Figure 4: A 60 km diameter circle in red (with yellow diameter indicator) shown overlaid on a Google Earth image of the greater New York City region.  The blue ring is an overlay of the scale of the Large Hadron Collider at CERN (about 8.5 km in diameter) — note the blue ring is not a scaled representation of the main weapon!  The main message here is that a 60 km station, although smaller than the accepted 100-150 km, is still freakin’ HUGE.  At this scale, there is only a rather modest indication of the massive urban infrastructure associated with New York City.

As another check on self-consistency, the diameter D is then used to calibrate the successive zooms on the station schematics, as shown in Figures 5 and 6.  The length B = 10 km is the width of the zoom patch from Figure 5, X = 4.7 km is the length of the trench run, and b = 134 m is the width of one trench sector. From Figure 6, the width of the trench is estimated to be b’ = 60 m, able to accommodate roughly five x-wing fighters lined wingtip-to-wingtip.  This indicates that the zoom factor is about 1000x in the briefing.

Figure 7 is a busy plot.  It overlays several accurately scaled images over the 60 m trench, shown with two parallel red lines, to reinforce plausibility.  Starting from the top: an airport runway with a 737 ready for takeoff (wingspan 34 m); a 100 m-wide yellow calibration line; a 60 m-wide yellow calibration line; the widths of an x-wing (green, Wx = 12.5 m, where I’ve assumed the wingspan is about the same as the length — there does not seem to be a consensus online; I’ve seen the value quoted to be 10.9 m, but it isn’t well-sourced) and tie fighter (red, 6.34 m); and a scaled image from footage of two x-wings flying in formation, with a yellow 60 m calibration line as well as a calibrated green arrow placed over the nearer one to indicate 12.5 m.  As predicted, about five x-wings could fit across based on the still image.  Also from this, the depth of the trench is estimated to also be 60 m.  The scales are all quite reasonable and consistent. It is worth noting that if the station were 100 km, the next possible sensible fit to the arc length in Figure 3, the width of the trench would be about 100 m, twice the current scale.  This would not be consistent with either the visuals from the battle footage or the airport runway scales.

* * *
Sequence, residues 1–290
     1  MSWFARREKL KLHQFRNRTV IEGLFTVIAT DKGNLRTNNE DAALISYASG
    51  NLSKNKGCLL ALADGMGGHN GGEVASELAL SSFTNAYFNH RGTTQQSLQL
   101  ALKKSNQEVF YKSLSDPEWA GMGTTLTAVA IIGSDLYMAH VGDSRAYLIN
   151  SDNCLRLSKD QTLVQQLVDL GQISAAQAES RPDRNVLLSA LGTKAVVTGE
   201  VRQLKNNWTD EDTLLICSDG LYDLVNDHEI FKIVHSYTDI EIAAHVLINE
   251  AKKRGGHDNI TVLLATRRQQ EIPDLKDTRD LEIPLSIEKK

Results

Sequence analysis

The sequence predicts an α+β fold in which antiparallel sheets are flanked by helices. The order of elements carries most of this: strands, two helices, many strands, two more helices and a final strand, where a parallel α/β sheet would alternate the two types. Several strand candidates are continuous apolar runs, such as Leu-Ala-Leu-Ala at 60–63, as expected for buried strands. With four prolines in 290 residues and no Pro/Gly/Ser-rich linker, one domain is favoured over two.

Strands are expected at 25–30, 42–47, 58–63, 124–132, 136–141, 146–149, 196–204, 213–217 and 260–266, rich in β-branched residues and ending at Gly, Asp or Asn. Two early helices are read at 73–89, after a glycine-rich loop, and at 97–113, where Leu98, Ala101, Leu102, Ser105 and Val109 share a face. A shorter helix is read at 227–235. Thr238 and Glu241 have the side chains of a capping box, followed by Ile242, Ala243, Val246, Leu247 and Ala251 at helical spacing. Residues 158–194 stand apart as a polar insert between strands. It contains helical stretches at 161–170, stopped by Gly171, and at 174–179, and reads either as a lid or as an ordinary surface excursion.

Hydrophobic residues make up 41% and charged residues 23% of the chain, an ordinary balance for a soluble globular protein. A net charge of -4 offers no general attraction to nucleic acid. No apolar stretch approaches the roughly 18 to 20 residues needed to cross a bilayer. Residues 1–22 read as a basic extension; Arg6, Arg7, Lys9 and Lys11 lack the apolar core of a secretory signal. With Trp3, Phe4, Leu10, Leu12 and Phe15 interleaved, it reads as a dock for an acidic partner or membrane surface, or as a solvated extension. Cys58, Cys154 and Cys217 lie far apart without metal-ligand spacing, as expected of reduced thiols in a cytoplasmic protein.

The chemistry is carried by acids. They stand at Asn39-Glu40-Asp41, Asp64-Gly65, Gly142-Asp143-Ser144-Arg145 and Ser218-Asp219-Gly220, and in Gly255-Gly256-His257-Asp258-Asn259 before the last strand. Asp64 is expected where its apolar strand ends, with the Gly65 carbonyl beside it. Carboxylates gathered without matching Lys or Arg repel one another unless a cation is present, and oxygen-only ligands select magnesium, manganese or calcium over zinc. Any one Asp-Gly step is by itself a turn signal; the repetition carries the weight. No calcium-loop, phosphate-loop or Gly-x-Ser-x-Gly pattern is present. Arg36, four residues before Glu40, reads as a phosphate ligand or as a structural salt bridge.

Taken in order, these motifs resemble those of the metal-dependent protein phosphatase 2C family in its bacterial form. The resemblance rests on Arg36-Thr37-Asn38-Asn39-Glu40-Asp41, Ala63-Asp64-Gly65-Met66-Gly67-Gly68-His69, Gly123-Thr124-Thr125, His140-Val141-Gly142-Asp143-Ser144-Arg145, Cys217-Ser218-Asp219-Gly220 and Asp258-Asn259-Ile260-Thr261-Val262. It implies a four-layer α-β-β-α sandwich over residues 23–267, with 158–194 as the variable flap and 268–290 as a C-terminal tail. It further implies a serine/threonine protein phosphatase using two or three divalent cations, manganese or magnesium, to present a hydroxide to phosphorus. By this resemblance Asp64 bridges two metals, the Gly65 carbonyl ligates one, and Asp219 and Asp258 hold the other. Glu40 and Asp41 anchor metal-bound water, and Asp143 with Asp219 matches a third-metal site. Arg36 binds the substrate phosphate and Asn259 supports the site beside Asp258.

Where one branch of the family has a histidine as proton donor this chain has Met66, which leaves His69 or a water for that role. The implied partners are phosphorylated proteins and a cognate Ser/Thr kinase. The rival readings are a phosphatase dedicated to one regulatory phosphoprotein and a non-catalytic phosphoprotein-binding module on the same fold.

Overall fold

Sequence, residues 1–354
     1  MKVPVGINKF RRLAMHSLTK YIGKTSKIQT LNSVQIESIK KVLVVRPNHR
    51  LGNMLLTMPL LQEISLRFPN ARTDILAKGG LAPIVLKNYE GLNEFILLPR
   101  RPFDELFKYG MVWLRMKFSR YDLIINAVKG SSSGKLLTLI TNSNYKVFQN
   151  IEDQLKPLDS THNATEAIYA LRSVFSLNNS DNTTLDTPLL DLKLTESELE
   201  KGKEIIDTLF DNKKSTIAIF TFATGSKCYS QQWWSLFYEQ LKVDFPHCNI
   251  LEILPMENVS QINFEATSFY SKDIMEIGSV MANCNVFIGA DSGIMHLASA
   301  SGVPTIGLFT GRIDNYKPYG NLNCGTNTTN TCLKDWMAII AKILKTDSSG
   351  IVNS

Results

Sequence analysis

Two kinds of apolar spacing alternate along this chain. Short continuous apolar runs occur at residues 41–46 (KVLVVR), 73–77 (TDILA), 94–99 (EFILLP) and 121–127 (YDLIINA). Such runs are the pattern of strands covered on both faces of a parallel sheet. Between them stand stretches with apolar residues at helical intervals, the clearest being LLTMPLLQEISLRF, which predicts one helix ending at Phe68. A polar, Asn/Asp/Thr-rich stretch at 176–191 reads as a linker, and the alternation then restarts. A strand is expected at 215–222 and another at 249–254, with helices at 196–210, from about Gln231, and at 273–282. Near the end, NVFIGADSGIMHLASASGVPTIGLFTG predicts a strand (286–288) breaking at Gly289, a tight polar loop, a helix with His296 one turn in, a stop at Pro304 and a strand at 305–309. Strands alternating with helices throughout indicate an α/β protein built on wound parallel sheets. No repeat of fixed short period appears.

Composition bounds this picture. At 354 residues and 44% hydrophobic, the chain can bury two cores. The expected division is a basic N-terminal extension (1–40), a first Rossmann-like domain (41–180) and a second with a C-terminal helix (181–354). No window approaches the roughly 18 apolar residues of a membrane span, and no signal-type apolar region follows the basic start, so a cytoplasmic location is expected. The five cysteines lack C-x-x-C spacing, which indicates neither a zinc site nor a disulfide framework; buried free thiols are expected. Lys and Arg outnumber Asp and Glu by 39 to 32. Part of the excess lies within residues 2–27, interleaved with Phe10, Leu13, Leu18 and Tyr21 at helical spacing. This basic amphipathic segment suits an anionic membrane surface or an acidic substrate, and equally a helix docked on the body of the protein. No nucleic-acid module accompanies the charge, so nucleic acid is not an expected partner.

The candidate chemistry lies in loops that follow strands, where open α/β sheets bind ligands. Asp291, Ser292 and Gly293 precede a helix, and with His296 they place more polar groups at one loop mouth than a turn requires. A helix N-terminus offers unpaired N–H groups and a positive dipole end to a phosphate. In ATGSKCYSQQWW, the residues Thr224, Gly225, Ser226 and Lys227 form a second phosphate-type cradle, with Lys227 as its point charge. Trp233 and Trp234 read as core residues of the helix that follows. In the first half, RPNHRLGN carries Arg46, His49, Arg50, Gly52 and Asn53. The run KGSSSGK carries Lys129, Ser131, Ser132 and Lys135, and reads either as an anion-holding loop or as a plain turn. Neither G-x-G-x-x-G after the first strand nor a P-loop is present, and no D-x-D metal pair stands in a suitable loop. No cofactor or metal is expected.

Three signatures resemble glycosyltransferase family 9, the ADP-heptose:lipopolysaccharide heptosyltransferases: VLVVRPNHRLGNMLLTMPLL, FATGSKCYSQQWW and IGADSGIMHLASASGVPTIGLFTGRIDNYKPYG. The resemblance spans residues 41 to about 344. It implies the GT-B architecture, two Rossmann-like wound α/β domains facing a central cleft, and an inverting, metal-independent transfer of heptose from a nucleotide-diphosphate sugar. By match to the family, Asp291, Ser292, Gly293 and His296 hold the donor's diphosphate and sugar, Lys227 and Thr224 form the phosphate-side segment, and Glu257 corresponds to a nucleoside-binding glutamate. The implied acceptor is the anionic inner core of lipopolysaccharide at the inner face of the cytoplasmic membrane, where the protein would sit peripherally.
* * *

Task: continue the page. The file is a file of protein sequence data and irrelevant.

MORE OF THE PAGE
In short, while there is certainly worthy critique of this work, I argue that, after a reasonably careful analysis of the stolen plans for DS1, all scales paint a self-consistent picture that the diameter of DS1 is very close to 60 km.

Figure 5: A zoom-out of DS1 in the briefing based on the stolen battle plans.  D = 60 km is the diameter and B = 10 km is the width of the patch in the region of interest near the exhaust port.

Figure 6: A zoom in in the region of interest patch near the exhaust port channel (see Figure 5) with B = 10 km.  the channel itself is about X = 4.7 km long.  The width of the channel is about b = 134 m.  Inset is a further zoom of the insertion point along the channel.  Width of the channel itself is about b’ = 60 m.

Figure 7: A zoom of the insertion point along the channel for the bombing run.  Several elements are overplayed for a sense of scale and for consistency comparisons.  The red parallel lines represent the left and right edges of the channel.  From the top of the figure is a 737 with a wing span of 34 m.  The 737 is on a runway (at SFO).  Down from the 737 is a  yellow line that represents 100 m.  This would be the width of the channel if D = 100 km, which is clearly much too large based on the battle plans.  The next horizontal yellow arrow is the 60 m width based on the scales assumed with D = 60 m.  Next down, embedded in the vertical lines of the runway: a green block representing the width of an x-wing and a red block representing the width of a tie fighter.  Finally, at the bottom is a shot from the battle footage.  It has been scaled so the edges of the walls match the width of the channel (shown as a horizontal yellow arrow).  The width of the near x-wing is shown with a green horizontal arrow, which matches the expected scale of an x-wing.